Martha Reeves opens up about fighting racism to bring Motown to the world
18 October 2021, 12:32 | Updated: 16 November 2023, 11:07
'Dancing in the Street' hitmaker Martha Reeves talks about the "constant presence" of racism in her life.
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Martha Reeves is a music icon, leading Martha and the Vandellas to a run of hit singles in the 1960s and '70s, including the signature smash 'Dancing in the Street'.
The group were signed to the Gordy imprint of the Motown label, whose incredible artists have long been recognised as helping to break down barriers and challenge then-widespread segregation in the US.
That segregation extended to the music industry, with Billboard even publishing a Race Records chart between 1945 and 1949, before the magazine's Jerry Wexler renamed it, coining the term 'Rhythm and Blues' in the process.
Martha & The Vandellas "Dancing in the Streets"
"Racism has been a constant presence in my life, Martha told The Guardian.
"In the '60s we had to fight and work far too hard to convince people we should be allowed to bring Motown to diverse crowds in auditoriums."
She added: "Rocks were thrown; abuse was shouted. People denied us access to public toilets.
"When we made it to the stage, we’d wipe off the dust and put on our fancy clothes. However we felt, we’d always step out and shine like royalty."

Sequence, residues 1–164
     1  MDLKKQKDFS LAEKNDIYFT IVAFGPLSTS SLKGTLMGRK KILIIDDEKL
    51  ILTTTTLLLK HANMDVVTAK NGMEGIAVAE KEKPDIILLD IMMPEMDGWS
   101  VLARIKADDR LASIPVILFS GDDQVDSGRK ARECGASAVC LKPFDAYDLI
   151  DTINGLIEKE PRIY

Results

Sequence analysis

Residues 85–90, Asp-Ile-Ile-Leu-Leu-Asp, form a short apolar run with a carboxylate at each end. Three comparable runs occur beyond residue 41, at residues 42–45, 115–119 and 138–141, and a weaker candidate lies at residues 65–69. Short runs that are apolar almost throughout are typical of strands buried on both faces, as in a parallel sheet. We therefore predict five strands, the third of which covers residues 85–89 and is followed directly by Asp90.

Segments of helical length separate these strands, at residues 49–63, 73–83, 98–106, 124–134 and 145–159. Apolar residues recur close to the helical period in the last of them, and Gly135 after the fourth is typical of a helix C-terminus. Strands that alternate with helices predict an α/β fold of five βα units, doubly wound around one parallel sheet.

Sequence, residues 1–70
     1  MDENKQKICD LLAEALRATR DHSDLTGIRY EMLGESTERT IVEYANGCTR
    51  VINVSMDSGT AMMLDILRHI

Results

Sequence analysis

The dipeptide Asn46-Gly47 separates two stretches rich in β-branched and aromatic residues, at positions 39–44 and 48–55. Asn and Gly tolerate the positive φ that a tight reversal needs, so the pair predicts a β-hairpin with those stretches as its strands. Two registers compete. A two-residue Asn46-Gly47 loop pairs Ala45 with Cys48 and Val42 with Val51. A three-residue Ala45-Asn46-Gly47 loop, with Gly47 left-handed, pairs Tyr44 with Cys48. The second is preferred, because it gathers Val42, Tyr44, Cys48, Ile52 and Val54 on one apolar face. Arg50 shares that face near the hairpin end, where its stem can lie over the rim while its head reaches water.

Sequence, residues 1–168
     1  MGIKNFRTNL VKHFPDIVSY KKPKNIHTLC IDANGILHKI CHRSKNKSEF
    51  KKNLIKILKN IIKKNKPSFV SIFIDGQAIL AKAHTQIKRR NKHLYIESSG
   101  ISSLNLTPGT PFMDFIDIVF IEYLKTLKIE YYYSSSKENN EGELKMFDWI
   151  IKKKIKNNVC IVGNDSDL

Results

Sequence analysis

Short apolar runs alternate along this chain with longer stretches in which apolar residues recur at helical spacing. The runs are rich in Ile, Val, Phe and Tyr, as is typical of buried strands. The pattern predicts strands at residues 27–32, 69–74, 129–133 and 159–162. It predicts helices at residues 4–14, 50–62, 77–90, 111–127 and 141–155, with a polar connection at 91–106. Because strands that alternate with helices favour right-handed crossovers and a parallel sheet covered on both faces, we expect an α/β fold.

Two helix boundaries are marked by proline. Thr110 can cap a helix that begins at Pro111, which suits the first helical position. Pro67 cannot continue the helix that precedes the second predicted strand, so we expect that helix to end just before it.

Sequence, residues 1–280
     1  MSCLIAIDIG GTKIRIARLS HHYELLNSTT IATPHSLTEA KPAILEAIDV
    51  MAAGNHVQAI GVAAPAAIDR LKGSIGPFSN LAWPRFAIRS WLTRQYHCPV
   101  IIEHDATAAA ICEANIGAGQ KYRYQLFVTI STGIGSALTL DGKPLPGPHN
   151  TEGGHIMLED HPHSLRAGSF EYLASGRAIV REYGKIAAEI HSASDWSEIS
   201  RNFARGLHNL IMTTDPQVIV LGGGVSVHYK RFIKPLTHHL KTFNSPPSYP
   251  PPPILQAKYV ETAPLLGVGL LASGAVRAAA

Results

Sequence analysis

Back in 2015, Reeves told the same newspaper that at one show in Alabama there was a physical barrier between white and black fans with two supposed security guards beating anyone dancing to the music, before Smokey Robinson got them to stand down.
Smokey Robinson & The Miracles - Mickey's Monkey (Lyric Video)
Gold's Hall of Fame: Smokey Robinson
"And we saw with our own eyes, on the finale of 'Mickey’s Monkey', which was his big hit at the time, people get up out of their seats, break the barrier down and become one audience," she said.
They started embracing each other, hitting each other’s hands, giving each other fives and getting up to dance together."
Martha added: "These were people that wouldn’t speak to each other when they first walked in.
"It proved that prejudice and racism is taught, and once people got up and broke those barriers down, we were one happy, lovable dancing family. And at the next gig we did, there was no barrier, no guards, and we went on peacefully after that."